That all changed in 2013 when, at the CPEP meeting in Istanbul, Turkey, Jeremy Frey, Professor of Physical Chemistry and Head of Computational Systems Chemistry at the University of Southampton, UK, put forth a proposal for what he termed as “Digital IUPAC.” He recommended that IUPAC create a consistent global framework for Human AND Machine-readable (and “understandable”) chemical information, not alone, but rather in collaboration with other science communities, industry, and governments. It would allow IUPAC re-engage with its roots in industry given the importance of open “intelligent access” for innovation. He noted that IUPAC is well-equipped to do so because standards had been its core competency for almost a century.

Frey’s battle cry was heard and in 2015 the IUPAC Council voted to change CPEP’s name and focus. It became the Committee on Publications and Cheminformatics Data Standards (CPCDS) and its Terms of Reference (mission) was modified to “advise the President, Executive Committee, other Standing Committees, Divisions, and Commissions on all aspects of the design and implementation of publications and data-sharing, including computerized databases of all sorts, and to promote the compatibility if the electronic transmission, storage, and management of digital content through the development of standards for the creation of a consistent and interoperable global framework for human and machine-readable chemical information.” Shortly thereafter, CPCDS established a Subcommittee on Cheminformatics Data Standards (SCDS) to explore the needs of the chemistry community in this area. With the breadth of activity internationally around data, SCDS primarily takes a coordinating role, striving to “prioritize and  efficiently meet those needs through the collaborative efforts,” and for almost three years has aggressively worked to make IUPAC’s digital future a reality. A glimpse of their work can be found by reading the July-September 2017  (Vol. 39, Issue 3) special issue of Chemistry International entitled “Research Data, Big Data, and Chemistry.

Its co-Chairs, Leah McEwen (Cornell University) and Dave Martinsen (American Chemical Society, retired), have prepared a presentation for the forthcoming symposium that highlights SCDS’ many outreach activities. The Subcommittee has been involved in organizing a number of community workshops in collaboration with other chemistry and data organizations worldwide, including the Research Data Alliance and the Committee on Data of the International Science Council (CODATA), among others. In addition to enabling cross-connection in the community, SCDS looks for challenges and opportunities where specific work on digital chemical standards can enhance the exchange of chemical data and information. Recent workshops have focused on chemical representation, spectroscopic data formats, and metadata for Findable, Accessible, Interoperable, and Re-usable (FAIR) data for humans and machines, and all workshops have had positive results. Indeed, IUPAC just submitted their signed support of the GO FAIR Manifesto for FAIR data in chemistry! Their presentation will summarize the scope of these efforts to date and outline future directions and the needs for developing data standards for chemistry in the digital era.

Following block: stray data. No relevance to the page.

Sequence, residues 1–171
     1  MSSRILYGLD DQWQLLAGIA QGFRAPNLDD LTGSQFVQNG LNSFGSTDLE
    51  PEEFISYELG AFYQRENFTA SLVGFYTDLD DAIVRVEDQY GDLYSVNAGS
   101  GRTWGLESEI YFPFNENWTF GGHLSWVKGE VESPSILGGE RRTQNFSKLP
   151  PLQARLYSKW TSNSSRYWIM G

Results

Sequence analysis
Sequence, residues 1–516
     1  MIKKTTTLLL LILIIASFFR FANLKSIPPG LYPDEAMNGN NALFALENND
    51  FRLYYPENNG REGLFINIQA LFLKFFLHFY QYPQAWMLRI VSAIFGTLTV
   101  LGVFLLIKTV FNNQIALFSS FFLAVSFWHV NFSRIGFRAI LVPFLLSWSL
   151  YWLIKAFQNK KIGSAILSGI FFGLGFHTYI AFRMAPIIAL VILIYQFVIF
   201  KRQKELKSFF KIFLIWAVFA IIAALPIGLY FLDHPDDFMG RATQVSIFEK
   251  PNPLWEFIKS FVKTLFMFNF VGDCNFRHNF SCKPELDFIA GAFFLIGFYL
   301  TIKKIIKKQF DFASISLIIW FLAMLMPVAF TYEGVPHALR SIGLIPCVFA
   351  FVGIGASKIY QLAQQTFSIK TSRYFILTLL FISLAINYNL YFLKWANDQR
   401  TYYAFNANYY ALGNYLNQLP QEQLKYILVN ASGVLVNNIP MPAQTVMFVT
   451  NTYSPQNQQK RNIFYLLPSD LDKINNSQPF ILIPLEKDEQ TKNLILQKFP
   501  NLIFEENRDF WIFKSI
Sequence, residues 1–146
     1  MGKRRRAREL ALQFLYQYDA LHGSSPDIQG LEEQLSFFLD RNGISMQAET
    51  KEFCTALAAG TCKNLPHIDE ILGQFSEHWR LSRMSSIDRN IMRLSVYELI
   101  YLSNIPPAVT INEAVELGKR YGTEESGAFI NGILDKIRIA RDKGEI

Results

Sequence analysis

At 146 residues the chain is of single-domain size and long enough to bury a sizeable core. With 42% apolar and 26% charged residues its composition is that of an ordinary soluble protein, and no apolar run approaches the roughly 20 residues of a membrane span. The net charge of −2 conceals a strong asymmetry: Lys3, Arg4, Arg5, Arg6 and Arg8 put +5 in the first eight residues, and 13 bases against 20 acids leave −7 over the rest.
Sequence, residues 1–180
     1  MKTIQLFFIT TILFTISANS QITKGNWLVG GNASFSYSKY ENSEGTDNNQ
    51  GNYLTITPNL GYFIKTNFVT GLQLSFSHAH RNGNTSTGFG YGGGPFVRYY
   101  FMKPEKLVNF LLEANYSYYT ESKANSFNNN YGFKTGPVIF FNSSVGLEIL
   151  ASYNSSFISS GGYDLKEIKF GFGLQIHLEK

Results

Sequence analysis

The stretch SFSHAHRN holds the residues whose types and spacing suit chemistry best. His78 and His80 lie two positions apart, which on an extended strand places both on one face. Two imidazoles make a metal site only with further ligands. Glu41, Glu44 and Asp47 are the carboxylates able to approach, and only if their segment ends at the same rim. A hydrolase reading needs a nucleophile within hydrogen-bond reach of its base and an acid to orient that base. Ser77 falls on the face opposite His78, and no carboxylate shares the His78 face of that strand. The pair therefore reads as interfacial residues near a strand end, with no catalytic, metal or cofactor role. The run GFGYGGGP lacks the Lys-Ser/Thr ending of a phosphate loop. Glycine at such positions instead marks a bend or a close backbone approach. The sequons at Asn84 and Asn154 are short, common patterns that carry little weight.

10IUPAC and the Digital Future of its Color Books

Over the past 100 years IUPAC has become well known for the development of nomenclature standards for chemicals and terminology for communication of chemically-related concepts. Initially published in IUPAC’s journal, Pure and Applied Chemistry (PAC), terminology recommendations have been incorporated into the IUPAC Color Books published by IUPAC Divisions. The eight Color Books are: 1) Green Book (quantities, units and symbols in physical chemistry); 2) Red Book (inorganic nomenclature); 3) Blue Book (organic nomenclature); 4) Purple Book (compendium of polymer nomenclature and terminology); 5) Orange Book (analytical nomenclature): 6) Silver Book (compendium of terminology and nomenclature of properties of clinical laboratory sciences); 7) White Book (biochemical nomenclature); and finally 8) the Gold Book – a compendium of chemical terminology across all sub-disciplines that are taken from the other Color Books.

While the work to date has been focused on the standardization of concept (term) definitions for human use, the aggregated set of all PAC recommendations on terminology constitutes a corpus of high-quality definitions for entries into an ontology for use in computer representation of chemical concepts. This is sorely needed at a time when there is a significant move toward machine learning approaches to understanding science both within and outside chemistry. With such an ontology chemical data scientists can envision and apply this ‘common language’ into their cheminformatics work, promoting interoperability in chemical data.

Stuart Chalk, a chemistry professor at the University of North Florida, is looking to develop such an ontology. His presentation will review the history of the PAC recommendations, the Color Books, and highlight how the existing guidelines for the development of terms supports the renovation of the terms for computer use. It will also highlight the IUPAC project to update the Gold Book website (including machine processability) as well as planned future ontological representation of the terms contained therein. The project will be completed this year and it is believed that all of his work being done on the Gold Book will be transferrable to the full spectrum of IUPAC’s Color Books. If so, this development will be highlighted as perhaps one of the most important in the next 100 years of the new “Digital IUPAC.”